Scaling Performance Tests in the Cloud with JMeter

I have very heterogeneous performance test use cases. From simple performance regression tests that are executed from a Jenkins node to eventual large-ish stress tests that run with over 100K requests per second and > 100 load generators. With higher loads, many problems arise, like feeding data to load generators, retrieving results, real-time view, analyzing huge data sets and so on.

JMeter is a great tool, but it has its own limitations. In order to scale, I had to work around a few of it’s limitations and created a test framework to help me execute tests at scale, on Amazon’s EC2.

Having a central data feeder was a problem. Using JMeter’s master node is impossible. A single shared data source might become a bottleneck, so having a way of distributing it was important. I thought about using a feeder model similar to Twitter’s Iago or a clustered, load balanced resource, but settled for something simpler. Since most tests only use a limited data set and loop around it, I just decided to bzip files and upload them to each load generator before the test starts. This way I avoided the problem of making an extra request to get data during execution and requesting the same data multiple times because of the loop. One problem with this approach is that I don’t have centralized control over the data set, since each load generator is using the same input. I mitigate that by managing the data locally on each load generator, with a hash function or introducing random values. I also considered distributing different files to different load generators based on a hash function, but so far, there was no need.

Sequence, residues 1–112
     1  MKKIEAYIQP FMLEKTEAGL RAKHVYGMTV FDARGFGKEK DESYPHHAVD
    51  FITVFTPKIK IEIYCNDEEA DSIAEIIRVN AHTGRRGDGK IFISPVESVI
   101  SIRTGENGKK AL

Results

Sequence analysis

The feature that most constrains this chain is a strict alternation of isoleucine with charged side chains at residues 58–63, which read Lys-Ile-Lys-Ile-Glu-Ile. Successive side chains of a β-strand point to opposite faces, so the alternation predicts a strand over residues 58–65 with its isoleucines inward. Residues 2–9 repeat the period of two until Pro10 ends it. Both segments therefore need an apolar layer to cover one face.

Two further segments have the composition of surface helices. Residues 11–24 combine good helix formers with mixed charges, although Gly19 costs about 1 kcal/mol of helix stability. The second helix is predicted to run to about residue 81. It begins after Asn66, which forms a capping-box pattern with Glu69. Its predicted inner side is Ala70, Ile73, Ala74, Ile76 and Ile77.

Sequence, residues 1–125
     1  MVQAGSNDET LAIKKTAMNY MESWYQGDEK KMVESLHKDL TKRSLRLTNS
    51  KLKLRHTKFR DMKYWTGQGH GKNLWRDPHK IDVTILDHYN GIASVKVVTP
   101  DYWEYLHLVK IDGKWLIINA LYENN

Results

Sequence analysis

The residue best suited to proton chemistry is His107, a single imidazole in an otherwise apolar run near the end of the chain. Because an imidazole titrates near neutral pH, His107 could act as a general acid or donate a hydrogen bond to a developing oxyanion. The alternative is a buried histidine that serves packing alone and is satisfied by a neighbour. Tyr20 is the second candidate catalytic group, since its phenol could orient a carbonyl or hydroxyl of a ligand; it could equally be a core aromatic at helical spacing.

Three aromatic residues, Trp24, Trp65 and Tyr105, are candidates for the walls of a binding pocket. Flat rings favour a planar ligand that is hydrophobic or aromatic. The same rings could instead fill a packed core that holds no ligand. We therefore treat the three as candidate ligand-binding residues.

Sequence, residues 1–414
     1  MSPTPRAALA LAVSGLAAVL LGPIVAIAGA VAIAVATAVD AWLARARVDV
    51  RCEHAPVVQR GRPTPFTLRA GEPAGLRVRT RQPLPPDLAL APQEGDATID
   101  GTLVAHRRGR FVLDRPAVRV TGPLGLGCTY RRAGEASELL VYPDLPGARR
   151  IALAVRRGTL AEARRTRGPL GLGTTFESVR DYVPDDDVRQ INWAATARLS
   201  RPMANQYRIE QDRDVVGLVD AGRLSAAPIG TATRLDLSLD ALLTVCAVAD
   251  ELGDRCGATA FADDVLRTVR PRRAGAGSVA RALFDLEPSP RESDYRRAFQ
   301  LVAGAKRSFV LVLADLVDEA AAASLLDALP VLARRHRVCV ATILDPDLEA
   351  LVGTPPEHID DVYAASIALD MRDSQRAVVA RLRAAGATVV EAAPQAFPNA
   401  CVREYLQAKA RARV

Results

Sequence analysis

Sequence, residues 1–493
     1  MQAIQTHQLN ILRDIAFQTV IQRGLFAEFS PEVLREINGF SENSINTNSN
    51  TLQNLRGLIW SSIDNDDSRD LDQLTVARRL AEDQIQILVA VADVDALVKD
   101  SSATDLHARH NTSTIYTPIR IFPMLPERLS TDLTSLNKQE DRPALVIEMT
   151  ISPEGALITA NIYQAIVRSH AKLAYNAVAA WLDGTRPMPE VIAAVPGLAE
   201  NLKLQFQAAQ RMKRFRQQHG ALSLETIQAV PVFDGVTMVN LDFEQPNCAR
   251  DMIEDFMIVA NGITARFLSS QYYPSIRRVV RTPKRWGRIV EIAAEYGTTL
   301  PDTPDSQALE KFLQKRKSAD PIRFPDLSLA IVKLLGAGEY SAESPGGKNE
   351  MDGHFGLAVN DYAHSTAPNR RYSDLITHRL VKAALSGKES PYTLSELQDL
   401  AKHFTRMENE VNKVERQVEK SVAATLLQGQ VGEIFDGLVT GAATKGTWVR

Retrieving results was tricky too. Again, using JMeter’s master node was impossible because of the amount of traffic. I tried having a pooler fetching raw ( only timestamp, label, success and response time ) results in real-time, but that affected the results. Downloading all results at the end of the test worked by checking the status of the test ( running or not ) every minute and downloading after completion, but I settled with having a custom sampler in a tearDown thread group, compressing and uploading results to Amazon’s S3. This could definitely be a plugin too. It works reasonably well, but I loose the real-time view and have to manually add a file writer and sampler to tests.

With real-time view, I started with the same approach as jmeter-ec2, pooling aggregated data (avg response time, rps, etc) from each load generator and printing that, but it proved useless with a large number of load generators. For now, on Java samplers, I’m using Netflix’s servo to publish metrics in real time (averaged over a minute) to our monitoring system. I’m considering writing a listener plugin that could use the same approach to publish data from any sampler. Form the monitoring system I can then analyze and plot real-time data with minor delays. Another option I’m considering is using the same approach, but using StatsD and Graphite.